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UTD CS 5348 - Section 4: Threads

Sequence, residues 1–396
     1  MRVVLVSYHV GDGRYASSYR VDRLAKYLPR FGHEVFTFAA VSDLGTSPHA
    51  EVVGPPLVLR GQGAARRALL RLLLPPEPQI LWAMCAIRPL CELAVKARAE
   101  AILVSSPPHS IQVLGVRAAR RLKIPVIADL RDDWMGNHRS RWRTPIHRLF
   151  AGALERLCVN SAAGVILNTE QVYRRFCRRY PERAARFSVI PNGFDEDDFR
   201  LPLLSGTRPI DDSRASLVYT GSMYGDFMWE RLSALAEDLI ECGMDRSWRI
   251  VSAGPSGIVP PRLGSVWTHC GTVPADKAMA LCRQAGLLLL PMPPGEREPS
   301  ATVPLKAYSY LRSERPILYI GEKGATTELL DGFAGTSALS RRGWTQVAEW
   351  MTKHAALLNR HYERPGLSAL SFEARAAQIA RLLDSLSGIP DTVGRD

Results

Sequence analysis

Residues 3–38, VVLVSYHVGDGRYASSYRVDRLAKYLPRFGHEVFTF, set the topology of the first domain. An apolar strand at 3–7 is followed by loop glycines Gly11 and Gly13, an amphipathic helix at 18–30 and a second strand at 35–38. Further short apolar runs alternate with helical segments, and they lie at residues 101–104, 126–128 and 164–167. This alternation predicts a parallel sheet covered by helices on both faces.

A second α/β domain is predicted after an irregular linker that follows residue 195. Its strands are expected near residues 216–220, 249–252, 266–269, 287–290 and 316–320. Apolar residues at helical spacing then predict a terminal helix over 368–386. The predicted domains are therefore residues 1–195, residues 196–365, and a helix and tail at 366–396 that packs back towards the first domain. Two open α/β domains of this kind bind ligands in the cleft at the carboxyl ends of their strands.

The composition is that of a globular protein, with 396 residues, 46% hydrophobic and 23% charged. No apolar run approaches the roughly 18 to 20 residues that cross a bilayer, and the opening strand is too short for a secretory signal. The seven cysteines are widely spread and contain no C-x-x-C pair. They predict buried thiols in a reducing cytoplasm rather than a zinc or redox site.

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Section 4: Threads Question 1 Using this figure, contrast the structure of the Single-Threaded Process (STP) model with the Multi-Threaded Process (MTP) model. 1. Describe differences between the Process Control Block in the STP and PCB / TCB in the MTP. 2. Describe the differences in how user stacks are maintained in each model. 3. Describe the differences in how processor state information (i.e. program counter, register contents, etc.) is maintained in each model. 4. Describe how OS allocated resources (files, semaphores, sockets, etc.) are managed in each model. Answer 1. In both models, a “process” is an address space maintaining the process image. The image contains the user address space (instructions and data (heap)) and control stack. In the single-threaded model, each process has only a single thread of execution and so there is little distinction between the process and its thread e.g. both process and single thread share a single process control block. In the multithreaded model, the process provides a context in which one or more threads execute. 2. In the STP model, there exist only a single thread so only a single user stack per process is needed. The MTP model has multiple threads each of which maintains its own instruction trace (thread of control) and each thread requires a separate user stack. 3. In the STP model there is only a single thread whose processor state information must be saved and restored when the process is context switched or interrupted. So in the STP, processor state can be maintained in the Process Control Block.In the MTP model, each thread maintains its own execution state. Each thread is individually context switched and interrupted so each thread’s processor state is maintained in its Thread Control Block. 4. In the MTP model, all threads share access to the resources allocated to the process as a whole. These resources are maintained in the single Process Control Block maintained by each process and shared by all threads. Question 2 How can the use of threads increase the performance of an application when run on a multiprocessor? Use the example of Worker Threads pattern to illustrate your answer. Answer Each thread represents a ‘thread of execution’ in the program. When executed on a multiprocessor, each thread can execute on its own processor in parallel with other threads increasing the overall processing throughput of the system. In the case of the worker threads pattern, if each processor is capable of processing N work items per second, then M processors can process M*N work items per second (in theory anyway). Question 3 What are the three advantages provided by Threads over Processes given in the slides? Answer 1. Threads can be created and destroyed more efficiently than processes. 2. N threads require fewer resources than the same number of processes. This means we can support N threads of execution in an application without the overhead of N processes. 3. Threads simplify the communication between concurrently executing instruction traces. Threads share access to the memory, files, sockets, and other resources allocated to their process while processes are isolated from each other. Question 4 What is the significance of blocking I/O (e.g. a network socket read) in the single vs. multi-threaded models? Use the example of the monitoring application presented in the slides. Answer When programming with a single-thread, blocking I/O will halt the execution of the entire process. If the monitoring application were implemented using a singlethread, that thread would be blocked waiting for an incoming message and would freeze the GUI i.e. the GUI would not update or respond to user input while the single thread blocks waiting for a new message. When programming with multiple threads, we design a process with threads that serve specific purposes. We can create a thread that blocks waiting for network messages and a second thread that maintains the GUI’s presentation. Question 5 Describe the three multithreading control strategies presented in the slides. Answer Note: For the exam, pay attention to the pseudo code associated with each answer. Worker Threads: If the problem involves processing individual units of work, multiple threads can be employed to process several work units in parallel (assuming a multiprocessor). See Slides. while (true) { workItem = FIFO.take(); process(workItem); } Task Scheduling: One or more tasks (i.e. some action that is required to maintain the system) are periodically scheduled (e.g. once every N seconds) and executed. A thread can be created which is programmed to alternatively sleep for N seconds (the wait period between task executions) and execute the task after the sleep period. while (true) { sleep(N); doTask() } Event Handling: Events are delivered to the system from many sources, each of which requires a specific response from the system. Each event handler can be executed in own thread. while (true) { message =; // Blocking I/O Read process(message); } Note in this example the operation is blocking i.e. the thread’s execution will block until a message arrives on the socket. Question 6 Describe the significance of Figure 4.3 A and B in terms of the time needed to execute the two RPC client calls with and without threads? Hint: Describe interms of the time the process spends blocked waiting for the response from the remote RPC server. Is a multi-core multiprocessor needed to obtain this increase in performance? Answer Figure 4.3a illustrates that without multiple threads, two blocking RPC calls must be executed sequentially taking 2x to execute both requests. Figure 4.3b illustrates that when we execute each blocking I/O request in a separate thread, we can see an overall improvement in the system’s performance. The second request can be executed in Thread 2 while the first request blocks the execution of thread one allowing both requests to be executed concurrently. Most interesting is that the increase in performance is obtained using a uniprocessor (NOT SMP). While thread one’s execution is blocked waiting for the server’s response, the second RPC call can be made in a second thread on the same (single) processor. Question 7 What does Amdahl’s Law tell us about scaling up an application’s performance using multiple processors (SMP)? Using the speedup formula (section 4.3), how much of a